Why Americans Are Hungry for Cookbooks
WHY YOU SHOULD CARE
Sales of these books are on the rise in the U.S., influenced by celebrity authors, trendy diets and a little nostalgia.
By Molly Fosco
YouTube creator Allisen Byrd sits in front of the camera in her bedroom with a large package on her lap. “I just got the Magnolia Table cookbook,” she says excitedly. “I’m gonna show you what it feels like to open it!” She tears open the box and does a close-up on HGTV star Joanna Gaines’ brand-new cookbook, lovingly running her fingers along the thickly bound spine. Byrd, 29, flips through the pages, ogling over the weight of the book, the beautiful food photography and personal notes from Gaines throughout. “I never buy cookbooks,” Byrd says. “This is something I wanted for myself because all her recipes have been so comfortable.”
Byrd’s fondness for Magnolia Table isn’t exclusive to YouTube stars or even millennials. Despite the popularity of food blogs, cooking videos and meal-kit delivery services, Americans are increasingly buying good old-fashioned cookbooks. Five years ago, managing editor at Digg, L.V. Anderson, predicted the death of cookbooks. “Print cookbooks offer nothing that apps, e-books, and websites can’t,” Anderson wrote in a feature for Slate. But Anderson was wrong.
In the first half of 2018 alone, U.S. cookbook sales rose 21 percent year on year, according to data from market research firm NPD Group.
And the best-selling book in the culinary category for 2018 so far? Joanna Gaines’ Magnolia Table, of course, which as of July had sold more than 676,000 copies. Gaines and husband Chip gained popularity from their HGTV show Fixer Upper, which ended its run this year. But the husband-and-wife duo has built a lifestyle empire that continues to grow. In addition to the cookbook, they released an entire Magnolia home and lifestyle brand.
The Gaineses aren’t the only celebrities to take their fame and neatly package it in a personalized recipe collection. Of Amazon’s current top 50 best-selling cookbooks, eight of them are written by celebrities, including Chrissy Teigen, who, at the time of this writing, takes the #5 spot for Cravings: Hungry for More, and the #10 spot for Cravings: Recipes for All The Food You Want to Eat. Reese Witherspoon is at #6 for Whiskey in a Teacup, and Snoop Dogg is at #37 for From Crook to Cook. These books do more than just teach people how to cook, they offer comfort and charisma from the author as well. “My grandmother Dorothea always said that it was a combination of beauty and strength that made Southern women ‘whiskey in a teacup,’” Witherspoon, who grew up in Nashville, Tennessee, writes in her introduction. “We may be delicate and ornamental on the outside […] but inside we’re strong and fiery.”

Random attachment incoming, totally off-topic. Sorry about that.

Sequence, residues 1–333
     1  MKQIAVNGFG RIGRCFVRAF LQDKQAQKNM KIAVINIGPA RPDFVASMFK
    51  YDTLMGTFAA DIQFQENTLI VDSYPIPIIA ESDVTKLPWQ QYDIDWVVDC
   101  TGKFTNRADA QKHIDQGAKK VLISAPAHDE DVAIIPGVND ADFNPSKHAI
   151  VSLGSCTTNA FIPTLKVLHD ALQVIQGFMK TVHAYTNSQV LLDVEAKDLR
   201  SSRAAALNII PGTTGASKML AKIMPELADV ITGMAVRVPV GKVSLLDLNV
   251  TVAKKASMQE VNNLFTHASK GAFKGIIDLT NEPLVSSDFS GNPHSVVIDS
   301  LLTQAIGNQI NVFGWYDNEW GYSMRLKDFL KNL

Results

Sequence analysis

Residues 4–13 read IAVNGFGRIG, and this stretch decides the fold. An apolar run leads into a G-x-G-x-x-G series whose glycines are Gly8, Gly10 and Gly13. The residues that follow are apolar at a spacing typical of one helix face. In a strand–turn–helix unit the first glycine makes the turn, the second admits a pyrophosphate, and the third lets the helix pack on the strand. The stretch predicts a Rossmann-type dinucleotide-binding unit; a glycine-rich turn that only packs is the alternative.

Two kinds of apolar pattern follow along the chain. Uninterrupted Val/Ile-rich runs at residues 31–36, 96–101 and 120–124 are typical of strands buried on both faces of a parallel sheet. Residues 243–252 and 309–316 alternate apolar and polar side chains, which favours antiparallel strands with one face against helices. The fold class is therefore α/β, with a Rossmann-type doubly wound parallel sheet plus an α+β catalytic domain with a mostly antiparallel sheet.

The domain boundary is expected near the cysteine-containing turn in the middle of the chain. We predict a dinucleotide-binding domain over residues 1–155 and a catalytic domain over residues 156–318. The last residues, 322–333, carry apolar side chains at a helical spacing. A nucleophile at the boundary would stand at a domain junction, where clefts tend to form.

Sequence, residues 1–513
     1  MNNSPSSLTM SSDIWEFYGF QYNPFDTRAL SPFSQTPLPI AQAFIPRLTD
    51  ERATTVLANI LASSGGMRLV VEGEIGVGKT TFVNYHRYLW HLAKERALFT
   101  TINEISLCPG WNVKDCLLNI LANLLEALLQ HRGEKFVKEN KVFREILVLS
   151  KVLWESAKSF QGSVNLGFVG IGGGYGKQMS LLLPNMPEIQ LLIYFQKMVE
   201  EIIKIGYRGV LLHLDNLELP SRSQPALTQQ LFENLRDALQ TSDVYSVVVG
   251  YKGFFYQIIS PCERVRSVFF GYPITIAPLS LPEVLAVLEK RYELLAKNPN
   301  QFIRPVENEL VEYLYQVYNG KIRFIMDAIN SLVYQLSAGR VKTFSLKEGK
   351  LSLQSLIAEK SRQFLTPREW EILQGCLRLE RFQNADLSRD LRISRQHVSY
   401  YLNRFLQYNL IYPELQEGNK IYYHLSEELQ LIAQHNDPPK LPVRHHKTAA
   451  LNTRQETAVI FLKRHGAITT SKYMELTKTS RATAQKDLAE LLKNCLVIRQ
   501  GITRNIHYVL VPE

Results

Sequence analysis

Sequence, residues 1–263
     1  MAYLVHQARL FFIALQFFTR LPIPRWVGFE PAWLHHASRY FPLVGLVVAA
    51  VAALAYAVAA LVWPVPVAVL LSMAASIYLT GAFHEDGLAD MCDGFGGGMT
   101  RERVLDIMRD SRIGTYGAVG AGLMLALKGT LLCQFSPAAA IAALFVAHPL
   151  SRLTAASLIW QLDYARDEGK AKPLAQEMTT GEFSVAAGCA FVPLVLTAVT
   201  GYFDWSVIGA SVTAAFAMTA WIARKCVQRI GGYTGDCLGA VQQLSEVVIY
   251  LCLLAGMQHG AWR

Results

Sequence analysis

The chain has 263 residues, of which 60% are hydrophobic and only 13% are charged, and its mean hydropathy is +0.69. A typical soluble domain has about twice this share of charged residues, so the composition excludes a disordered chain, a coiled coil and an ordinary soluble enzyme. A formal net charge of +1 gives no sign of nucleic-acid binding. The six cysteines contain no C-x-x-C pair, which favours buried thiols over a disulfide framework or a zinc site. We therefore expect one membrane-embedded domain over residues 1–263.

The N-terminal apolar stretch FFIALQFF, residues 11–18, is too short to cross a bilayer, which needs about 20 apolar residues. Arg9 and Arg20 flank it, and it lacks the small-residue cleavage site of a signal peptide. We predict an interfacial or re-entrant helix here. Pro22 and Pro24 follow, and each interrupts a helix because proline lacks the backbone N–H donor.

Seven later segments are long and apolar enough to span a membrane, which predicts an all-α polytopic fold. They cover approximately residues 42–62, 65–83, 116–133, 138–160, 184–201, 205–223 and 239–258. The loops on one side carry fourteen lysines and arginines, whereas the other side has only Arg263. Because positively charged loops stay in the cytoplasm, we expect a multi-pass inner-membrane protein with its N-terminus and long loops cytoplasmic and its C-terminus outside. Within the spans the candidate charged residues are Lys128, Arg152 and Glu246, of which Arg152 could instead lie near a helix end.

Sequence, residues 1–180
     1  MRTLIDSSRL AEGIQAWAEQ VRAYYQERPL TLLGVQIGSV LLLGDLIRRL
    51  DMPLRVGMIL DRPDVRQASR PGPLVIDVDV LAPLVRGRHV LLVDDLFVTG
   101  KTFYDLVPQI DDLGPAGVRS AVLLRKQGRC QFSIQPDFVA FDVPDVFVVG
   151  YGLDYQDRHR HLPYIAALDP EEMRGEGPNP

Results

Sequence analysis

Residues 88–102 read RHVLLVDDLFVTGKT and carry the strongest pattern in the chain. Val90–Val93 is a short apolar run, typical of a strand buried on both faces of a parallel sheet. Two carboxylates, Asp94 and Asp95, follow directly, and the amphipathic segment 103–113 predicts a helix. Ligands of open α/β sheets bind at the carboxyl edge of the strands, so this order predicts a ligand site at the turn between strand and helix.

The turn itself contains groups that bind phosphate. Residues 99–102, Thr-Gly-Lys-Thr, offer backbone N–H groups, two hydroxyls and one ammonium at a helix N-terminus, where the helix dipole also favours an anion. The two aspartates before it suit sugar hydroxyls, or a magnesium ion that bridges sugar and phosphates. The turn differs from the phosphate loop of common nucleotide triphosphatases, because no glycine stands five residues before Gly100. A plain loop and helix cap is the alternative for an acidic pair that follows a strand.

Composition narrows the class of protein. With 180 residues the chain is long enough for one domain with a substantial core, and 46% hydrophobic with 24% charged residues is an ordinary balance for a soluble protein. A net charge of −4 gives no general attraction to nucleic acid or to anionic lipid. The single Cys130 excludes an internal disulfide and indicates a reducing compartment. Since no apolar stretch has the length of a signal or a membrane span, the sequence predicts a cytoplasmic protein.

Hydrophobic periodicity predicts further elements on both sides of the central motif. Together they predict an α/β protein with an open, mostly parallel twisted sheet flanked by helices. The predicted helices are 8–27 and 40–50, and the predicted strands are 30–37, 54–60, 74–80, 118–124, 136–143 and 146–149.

For some though, cookbooks aren’t about celebrity appeal – they’re about trying recipes from trusted sources. “I started really getting into buying and cooking from cookbooks when I realized I could attempt to recreate some of my favorite dishes from the restaurants I love,” says Hunter Meyer, an events associate in San Francisco. One of Meyer’s favorites is Zahav, by Michael Solomonov, head chef of Zahav restaurant in Philadelphia. Meyer also thinks cookbook popularity has to do with an increasing desire for physical things in a digital world. “I think it’s a similar trend to the rise in record player and vinyl sales,” he says. “Some things are more fulfilling when you can actually hold them in your hand […] and it appeals to our thirst for nostalgia.”
Another reason behind the rise of the cookbook: specialist appliances like Instant Pot and the Air Fryer. Cookbooks with recipes that utilize small food prep appliances like these saw an 84 percent sales increase so far this year, NPD reported. Paula Deen’s Air Fryer Cookbook, another Amazon best-seller, is a combination of two juggernaut genres — a celebrity cookbook combined with Air Fryer recipes. What you won’t find in Deen’s book, though, are trendy diet recipes. The ketogenic diet and other similar eating regimens that have gained popularity in recent years have also spurred cookbook purchases.
But the trend has begun to slow somewhat. “I think we’re seeing the market start to correct itself,” says NPD Books analyst Allison Risbridger. “The success of multi-cookers and Air Fryers this holiday season will be a determining factor of the growth in cookbooks next year,” she says. “We can bet on diet and celebrity cookbooks but it takes an additional phenomenon to drive the kind of growth we’ve seen thus far.”
Sometimes though, using a cookbook in the kitchen comes down to pure logistics. ”Cookbooks are easier to reference than a small smartphone screen,” Meyer says. “And having my laptop open in the kitchen when I’m cooking makes me nervous!”
Gif by Jens Mortensen